Does Your Employer Want to Be Your "Friend"?
In the not-so distant past, Facebook was mostly a way of keeping in touch with friends you had not seen since high school, and Twitter was largely used to keep people informed about your thoughts on current events (or, more realistically, your thoughts on what you ate for lunch). In the last few years, however, the professional world has eroded the strictly personal nature of social media. Companies now try to promote their products over Twitter and Tumblr; they use Facebook to decide whether job applicants are really as disciplined and discreet as they seem in interviews.
Oregon House Bill 2654, a narrowed version of which recently passed in the Oregon House by a vote of 56 to 3, aims to reinforce this increasingly porous line between the personal and the professional by placing restrictions on what employers can require of their employees in regards to social media. According to a recent article in The Oregonian, Representative Margaret Doherty sponsored the original bill (which also restricted the social media access of educational institutions) in response to reports that employers were increasingly trying to access potential employees’ Facebook accounts.
Social Media Privacy Rights under House Bill 2654
House Bill 2654 addresses several issues in regards to the privacy rights of employees and potential employees who participate in social media. First, the bill prevents employers from retaliating against employees and job applicants who refuse to provide the employer with access to their social media account. In other words, a boss cannot penalize his or her employee or potential employee for refusing to accept a ‘friend request’ on Facebook, or for limiting what the employer can see on the employee’s account.
In addition, according to the article, employers cannot request social media passwords from their employees or job applicants. However, if employers obtain such passwords by accident, through administration over the company network for example, they will not be in violation of this law. Furthermore, employers still retain the ability to look into their employees’ online wrongdoing, as long as they do not compel the employee to provide additional access to his or her social media account.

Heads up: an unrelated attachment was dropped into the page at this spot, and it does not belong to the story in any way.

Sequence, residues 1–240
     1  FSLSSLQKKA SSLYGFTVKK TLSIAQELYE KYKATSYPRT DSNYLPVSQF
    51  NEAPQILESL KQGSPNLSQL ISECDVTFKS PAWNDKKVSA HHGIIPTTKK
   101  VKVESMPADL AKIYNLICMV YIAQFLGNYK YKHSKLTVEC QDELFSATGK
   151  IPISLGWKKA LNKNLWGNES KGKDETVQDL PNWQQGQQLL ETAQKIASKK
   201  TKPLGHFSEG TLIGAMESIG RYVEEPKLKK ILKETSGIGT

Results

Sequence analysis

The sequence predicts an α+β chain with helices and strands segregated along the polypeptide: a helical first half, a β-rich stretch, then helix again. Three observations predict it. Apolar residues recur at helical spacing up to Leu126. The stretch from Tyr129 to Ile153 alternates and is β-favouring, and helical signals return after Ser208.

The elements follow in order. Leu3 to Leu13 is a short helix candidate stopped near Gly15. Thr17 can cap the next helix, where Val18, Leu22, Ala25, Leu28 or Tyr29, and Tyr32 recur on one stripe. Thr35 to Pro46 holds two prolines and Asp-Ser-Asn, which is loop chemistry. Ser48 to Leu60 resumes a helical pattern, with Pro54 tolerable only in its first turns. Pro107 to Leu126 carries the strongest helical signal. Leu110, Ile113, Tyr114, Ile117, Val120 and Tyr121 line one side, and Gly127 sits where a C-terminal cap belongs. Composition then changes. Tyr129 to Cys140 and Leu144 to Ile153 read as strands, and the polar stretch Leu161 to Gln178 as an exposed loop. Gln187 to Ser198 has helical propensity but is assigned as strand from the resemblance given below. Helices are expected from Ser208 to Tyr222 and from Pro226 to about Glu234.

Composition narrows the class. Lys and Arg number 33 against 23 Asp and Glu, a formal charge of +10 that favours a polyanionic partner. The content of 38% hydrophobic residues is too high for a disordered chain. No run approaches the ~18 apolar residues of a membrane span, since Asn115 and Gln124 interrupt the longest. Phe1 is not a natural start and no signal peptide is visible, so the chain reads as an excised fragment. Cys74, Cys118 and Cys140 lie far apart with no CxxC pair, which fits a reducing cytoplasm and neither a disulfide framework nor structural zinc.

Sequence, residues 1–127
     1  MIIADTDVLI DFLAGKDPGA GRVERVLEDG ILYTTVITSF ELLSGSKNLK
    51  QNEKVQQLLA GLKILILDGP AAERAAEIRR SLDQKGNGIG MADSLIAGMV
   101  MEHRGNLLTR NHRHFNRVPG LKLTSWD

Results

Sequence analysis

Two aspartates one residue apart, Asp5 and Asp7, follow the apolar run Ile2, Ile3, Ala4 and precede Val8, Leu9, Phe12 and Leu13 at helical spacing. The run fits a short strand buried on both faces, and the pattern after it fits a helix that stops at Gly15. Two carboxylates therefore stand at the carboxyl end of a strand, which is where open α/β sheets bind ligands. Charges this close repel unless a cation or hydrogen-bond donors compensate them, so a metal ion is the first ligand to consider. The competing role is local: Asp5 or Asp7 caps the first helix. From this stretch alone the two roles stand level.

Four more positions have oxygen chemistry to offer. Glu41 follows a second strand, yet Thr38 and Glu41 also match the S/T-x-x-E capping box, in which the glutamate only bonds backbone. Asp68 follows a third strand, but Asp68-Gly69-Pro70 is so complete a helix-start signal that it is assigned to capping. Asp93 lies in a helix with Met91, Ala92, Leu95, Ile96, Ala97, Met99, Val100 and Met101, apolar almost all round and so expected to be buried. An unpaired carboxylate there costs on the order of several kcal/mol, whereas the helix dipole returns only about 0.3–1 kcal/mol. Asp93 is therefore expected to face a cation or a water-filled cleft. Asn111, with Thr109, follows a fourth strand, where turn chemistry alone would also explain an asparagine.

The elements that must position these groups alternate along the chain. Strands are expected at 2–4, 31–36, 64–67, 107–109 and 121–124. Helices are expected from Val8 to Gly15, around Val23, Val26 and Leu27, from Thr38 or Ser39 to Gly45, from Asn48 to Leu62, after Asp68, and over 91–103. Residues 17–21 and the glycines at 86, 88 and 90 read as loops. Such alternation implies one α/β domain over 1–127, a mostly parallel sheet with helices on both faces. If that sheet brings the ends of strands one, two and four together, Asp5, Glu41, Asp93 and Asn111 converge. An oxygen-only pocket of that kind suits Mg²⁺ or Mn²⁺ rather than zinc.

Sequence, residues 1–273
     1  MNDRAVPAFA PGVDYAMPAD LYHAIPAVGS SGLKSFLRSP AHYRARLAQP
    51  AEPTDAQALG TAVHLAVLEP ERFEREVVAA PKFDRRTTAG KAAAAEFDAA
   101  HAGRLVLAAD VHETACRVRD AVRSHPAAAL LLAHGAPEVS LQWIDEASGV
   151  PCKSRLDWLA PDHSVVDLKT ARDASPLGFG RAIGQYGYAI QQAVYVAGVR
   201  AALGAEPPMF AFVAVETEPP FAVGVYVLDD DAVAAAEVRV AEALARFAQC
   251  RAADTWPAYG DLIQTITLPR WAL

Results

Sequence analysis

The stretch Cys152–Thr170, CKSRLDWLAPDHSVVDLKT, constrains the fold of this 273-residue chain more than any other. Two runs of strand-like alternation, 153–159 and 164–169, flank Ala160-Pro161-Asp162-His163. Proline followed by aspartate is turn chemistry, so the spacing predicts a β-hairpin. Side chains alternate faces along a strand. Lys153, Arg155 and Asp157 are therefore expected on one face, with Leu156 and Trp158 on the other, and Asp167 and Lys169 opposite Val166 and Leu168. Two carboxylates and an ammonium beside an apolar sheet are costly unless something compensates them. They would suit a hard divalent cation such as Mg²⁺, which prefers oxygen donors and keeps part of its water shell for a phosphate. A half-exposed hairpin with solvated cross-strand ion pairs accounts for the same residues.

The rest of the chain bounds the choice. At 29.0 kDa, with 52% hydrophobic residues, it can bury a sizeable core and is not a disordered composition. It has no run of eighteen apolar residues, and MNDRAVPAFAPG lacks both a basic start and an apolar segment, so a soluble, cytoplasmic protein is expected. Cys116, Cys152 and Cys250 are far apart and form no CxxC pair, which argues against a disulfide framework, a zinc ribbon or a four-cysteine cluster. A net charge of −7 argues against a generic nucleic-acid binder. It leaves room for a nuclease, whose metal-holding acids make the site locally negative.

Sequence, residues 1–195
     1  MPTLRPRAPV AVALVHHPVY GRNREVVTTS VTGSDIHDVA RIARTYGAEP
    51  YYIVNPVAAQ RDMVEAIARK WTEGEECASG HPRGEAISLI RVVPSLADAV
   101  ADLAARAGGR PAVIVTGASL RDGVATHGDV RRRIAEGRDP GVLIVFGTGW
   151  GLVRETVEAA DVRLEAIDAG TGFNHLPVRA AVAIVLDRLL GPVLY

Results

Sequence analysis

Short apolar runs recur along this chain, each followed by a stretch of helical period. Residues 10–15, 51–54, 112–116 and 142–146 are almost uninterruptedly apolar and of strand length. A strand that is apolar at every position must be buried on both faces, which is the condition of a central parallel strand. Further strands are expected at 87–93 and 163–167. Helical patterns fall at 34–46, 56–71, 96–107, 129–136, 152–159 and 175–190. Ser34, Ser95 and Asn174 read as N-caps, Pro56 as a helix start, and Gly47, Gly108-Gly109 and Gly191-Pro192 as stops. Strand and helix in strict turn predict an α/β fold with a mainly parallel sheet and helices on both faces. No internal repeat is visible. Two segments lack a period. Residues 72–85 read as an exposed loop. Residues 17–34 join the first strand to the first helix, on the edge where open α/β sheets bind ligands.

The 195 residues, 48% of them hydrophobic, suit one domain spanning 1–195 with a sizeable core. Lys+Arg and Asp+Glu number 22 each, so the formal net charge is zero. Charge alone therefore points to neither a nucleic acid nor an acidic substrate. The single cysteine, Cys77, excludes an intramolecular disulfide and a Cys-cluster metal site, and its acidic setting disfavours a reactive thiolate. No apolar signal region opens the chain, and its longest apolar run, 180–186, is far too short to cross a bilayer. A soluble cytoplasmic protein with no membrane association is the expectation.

These restrictions, of course, only cover employee and job applicants’ personal social media accounts. An employer is well within his or her rights, for example, to require that an employee disclose the username and password of the company’s Facebook page or Twitter account. While employers cannot require that employees use their personal Facebook or Twitter accounts to “like” or “retweet” something related to the company, they certainly can require employees to do so from the business’s accounts.
Finally, the bill only works to prevent employers from coercing employees and applicants into providing access to social media accounts. It does nothing to prevent employers from searching out information about their employees or job applicants that would be available to the public at large. Therefore, job applicants and employees who maintain lax privacy settings on their social media accounts run the risk that actual or potential employers will be able to see personal information about them.
Privacy Issues for Employees Now
The Bill is now headed to the state Senate, and it will be interesting to see where the Senate falls in terms of social media privacy protections for employees. In the meantime, individuals who wish to keep their personal accounts out of the reach of their employers or potential future employers would be well-advised to maintain restrictive privacy settings.
If you or someone you know feels that your privacy has been unfairly violated by an employer, please contact one of our attorneys to discuss your rights.